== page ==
I also wished that Perry talked more about homeschooling when he’s discussing the different types of schools. He discusses charter, magnet, and traditional schools, mentions homeschooling but never really discusses it. Maybe it’s because he doesn’t have any experience in that section. I thought about homeschooling my own children in the past and I know that Carrie from Books and Movies is a homeschooling mom. This is a very minor disagreement compared to all the good that Perry writes about especially when he states repeatedly that he supports any type of school that works.

I really enjoyed this book and it’s definitely on my best of 2011 list. Whether you’re a parent or don’t have any children of your own, Push Has Come to Shove is a book that you should read. My rating: 5 out of 5 stars


12 thoughts on “Push Has Come to Shove by Dr. Steve Perry”

  1. I am constantly surprised by what passes for education in my children’s school, and have a problem when I drive by to pick them up and see clots of police officers surrounding students who should be banished from the premises for violence against other students. There is bullying, and stealing, and just general acting out all over the place, and my kids suffer for it. I definitely need to read this book. I need to make sure that my kids are getting the best education possible, even if it means being a pain in the butt. Great and very passionate review today!

  2. Sounds like an interesting book, I’m interested to see he talks about the need for vouchers – I’m always wary of that because it seems like it would make bad schools worse, and leave those who can’t afford other options with no other choice, ya know? I’ll have to check this out I think.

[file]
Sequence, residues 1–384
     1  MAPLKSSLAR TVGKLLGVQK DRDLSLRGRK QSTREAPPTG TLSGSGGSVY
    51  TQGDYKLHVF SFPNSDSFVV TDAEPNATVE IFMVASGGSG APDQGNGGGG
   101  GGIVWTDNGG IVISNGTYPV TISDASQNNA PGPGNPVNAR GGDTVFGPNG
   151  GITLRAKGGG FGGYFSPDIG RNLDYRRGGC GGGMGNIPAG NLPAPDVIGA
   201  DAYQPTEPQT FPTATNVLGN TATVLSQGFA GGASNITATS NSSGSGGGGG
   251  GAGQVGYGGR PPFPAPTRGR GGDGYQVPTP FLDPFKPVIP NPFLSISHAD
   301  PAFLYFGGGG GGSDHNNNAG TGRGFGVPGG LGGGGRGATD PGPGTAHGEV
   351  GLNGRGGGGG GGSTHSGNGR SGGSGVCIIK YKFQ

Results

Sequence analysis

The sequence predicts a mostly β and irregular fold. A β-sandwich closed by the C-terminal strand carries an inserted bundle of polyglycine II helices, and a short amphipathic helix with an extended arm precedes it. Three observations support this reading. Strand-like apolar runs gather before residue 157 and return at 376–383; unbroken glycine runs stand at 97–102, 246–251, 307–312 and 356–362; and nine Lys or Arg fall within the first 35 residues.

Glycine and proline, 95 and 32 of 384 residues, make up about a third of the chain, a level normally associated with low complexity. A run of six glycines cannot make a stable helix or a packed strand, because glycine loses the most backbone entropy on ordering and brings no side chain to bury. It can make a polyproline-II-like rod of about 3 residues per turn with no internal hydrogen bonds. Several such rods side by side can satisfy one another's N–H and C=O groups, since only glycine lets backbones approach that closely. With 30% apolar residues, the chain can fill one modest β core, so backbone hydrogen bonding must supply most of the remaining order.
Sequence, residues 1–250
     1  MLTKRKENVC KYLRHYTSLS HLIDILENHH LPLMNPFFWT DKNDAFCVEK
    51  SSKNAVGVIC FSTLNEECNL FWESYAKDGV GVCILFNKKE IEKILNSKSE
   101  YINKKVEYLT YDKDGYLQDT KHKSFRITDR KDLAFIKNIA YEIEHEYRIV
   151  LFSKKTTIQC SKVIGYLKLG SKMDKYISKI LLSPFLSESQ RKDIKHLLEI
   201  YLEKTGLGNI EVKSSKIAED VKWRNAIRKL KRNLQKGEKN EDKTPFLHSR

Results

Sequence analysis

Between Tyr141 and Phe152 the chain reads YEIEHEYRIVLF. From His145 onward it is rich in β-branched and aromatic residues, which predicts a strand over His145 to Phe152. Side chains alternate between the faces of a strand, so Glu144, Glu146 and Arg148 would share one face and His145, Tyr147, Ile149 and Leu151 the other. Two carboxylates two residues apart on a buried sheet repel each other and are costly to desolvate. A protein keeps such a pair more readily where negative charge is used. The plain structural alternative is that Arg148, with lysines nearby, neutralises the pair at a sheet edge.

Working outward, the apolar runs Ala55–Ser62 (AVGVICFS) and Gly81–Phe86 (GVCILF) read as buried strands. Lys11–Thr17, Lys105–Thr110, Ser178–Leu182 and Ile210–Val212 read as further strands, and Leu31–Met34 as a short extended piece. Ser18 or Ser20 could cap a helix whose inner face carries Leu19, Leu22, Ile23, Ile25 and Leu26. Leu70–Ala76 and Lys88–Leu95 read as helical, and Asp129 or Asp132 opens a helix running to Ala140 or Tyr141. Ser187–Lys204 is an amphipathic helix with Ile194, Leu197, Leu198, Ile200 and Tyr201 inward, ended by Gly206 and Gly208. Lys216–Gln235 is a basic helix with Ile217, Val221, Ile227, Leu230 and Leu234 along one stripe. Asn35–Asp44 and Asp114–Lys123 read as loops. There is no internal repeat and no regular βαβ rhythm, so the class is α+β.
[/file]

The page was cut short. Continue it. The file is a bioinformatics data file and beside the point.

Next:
3. I have this feeling that our current education process is broke or at least only catches half the kids in a productive way, but I have no idea what would work better. This topic fascinates me.

  4. This sounds like a fascinating book. Parents cannot give up until our children are educated, we need to fight for their best. I like where you wrote parents need to figure out their parenting style and play up to their strengths.

  5. I’m adding this one to my Goodreads TBR list right now. It sounds like something that I really, really would want to read. Thanks for sharing about it!

  6. I think this book covers a very important subject. Education is a lot like politics, though. There will always be people complaining about how things are done, but they are no where to be found when it comes time to fix things…

  7. This sounds like a really good book. So many things are wrong with our education system and everyone contributes to those errors (parents, educators, society, etc). If only there was a way to fix it.

  8. There is so much to change when it comes to education and so many ideas on how to do it. If only these that are well written could get to those parents and educators who really need to be inspired about what to do to start transforming education! I hope to add this to my school library.

  9. This is one I wish I would have read when my son was starting his school years. I am blessed to have had my son in a really great, private Christian school for his entire school life. That being said I have learned that I have to be very engaged and not hesitate to speak up if I see something that doesn’t seem right. I’m lucky that the teachers and staff are so helpful and responsive. I tell my son all the time how lucky he is to have had this education but of course with nothing to compare it to, he doesn’t really get it. This would make a great book gift to my niece who is just starting to think about how best to educate her two boys!